Stephen Friedman Gallery is delighted to present an exhibition of works by Brazilian artist Judith Lauand. Born in 1922, this is the artist's first solo show in Europe and brings together a unique selection of paintings, drawings, gouaches and collages from the 1950s. The exhibition traces Lauand's creative development and charts her pioneering of Concrete Art over the course of this important decade.
The first works in the exhibition date back to 1954, a turning point in Lauand's career in which she was introduced to concrete art. In the following years, Lauand became closely associated with the São Paulo based Grupo Ruptura, an avant garde group of international artists lead by Waldemar Cordeiro and self declared followers of Max Bill. The Grupo Ruptura artists were the first proponents of Concretism in Brazil, spearheading ground-breaking exhibitions with a clear ideology and manifesto. Their actions were to completely transform the artistic landscape in Brazil and prefigure the now well-known future generation of Neo-Concretism. Lauand was the only woman to ever participate in Grupo Ruptura and the later works exhibited in the show date to 1959, the last year of the group's existence. By unifying a body of work previously unseen in Europe, the exhibition provides new insight into Lauand's unique contribution to the exploration of Concretism in Brazil over this incredibly influential time.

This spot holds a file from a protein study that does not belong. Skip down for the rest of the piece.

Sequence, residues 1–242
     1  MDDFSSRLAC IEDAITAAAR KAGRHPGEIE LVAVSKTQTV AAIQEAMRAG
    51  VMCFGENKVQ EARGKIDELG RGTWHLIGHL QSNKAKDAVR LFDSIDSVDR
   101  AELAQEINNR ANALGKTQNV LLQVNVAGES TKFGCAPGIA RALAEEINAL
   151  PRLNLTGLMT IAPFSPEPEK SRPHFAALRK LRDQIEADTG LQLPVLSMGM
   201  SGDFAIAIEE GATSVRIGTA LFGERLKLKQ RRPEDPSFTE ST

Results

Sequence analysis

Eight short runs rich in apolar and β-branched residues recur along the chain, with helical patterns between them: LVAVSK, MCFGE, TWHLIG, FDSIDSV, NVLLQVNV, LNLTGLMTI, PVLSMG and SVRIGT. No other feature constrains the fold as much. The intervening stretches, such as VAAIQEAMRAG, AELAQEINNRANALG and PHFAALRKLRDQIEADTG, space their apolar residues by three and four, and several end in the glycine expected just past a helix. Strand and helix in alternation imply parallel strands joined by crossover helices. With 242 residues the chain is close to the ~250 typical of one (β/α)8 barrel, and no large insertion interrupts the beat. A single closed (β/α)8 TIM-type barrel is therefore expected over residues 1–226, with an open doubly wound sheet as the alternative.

Lauand's rigorous modus operandi is immediately evident in this group of works as each gouache, drawing, collage and painting was systematically catalogued and preserved by the artist with a unique number. These works on paper remained unseen and united as a whole set for over fifty years. Her meticulous practice is also revealed in the mathematical rigour and precision of the works. Lauand's loyalty to Concretism is unmistakeable, and yet the distinct freedom of her approach is also powerfully evident in her extraordinary dialogue with form, space, colour and rhythm. Organic lines and playful geometric elements multiply themselves in convergent, divergent or random directions. Shapes gather or disperse, overlay or create intersecting points that present a pronounced dynamism and desire to experiment.
‘Judith Lauand: The 1950s' offers both a renewed examination of this important period of Brazilian art and also the genesis of Lauand's own search for new ways of working in the Concretist tradition. Moreover, these works highlight the beauty of her unique interpretations and the rigour and subtlety in the construction of her poetics.
The exhibition is accompanied by a fully illustrated catalogue, which includes an essay by curator and writer Celso Fioravante.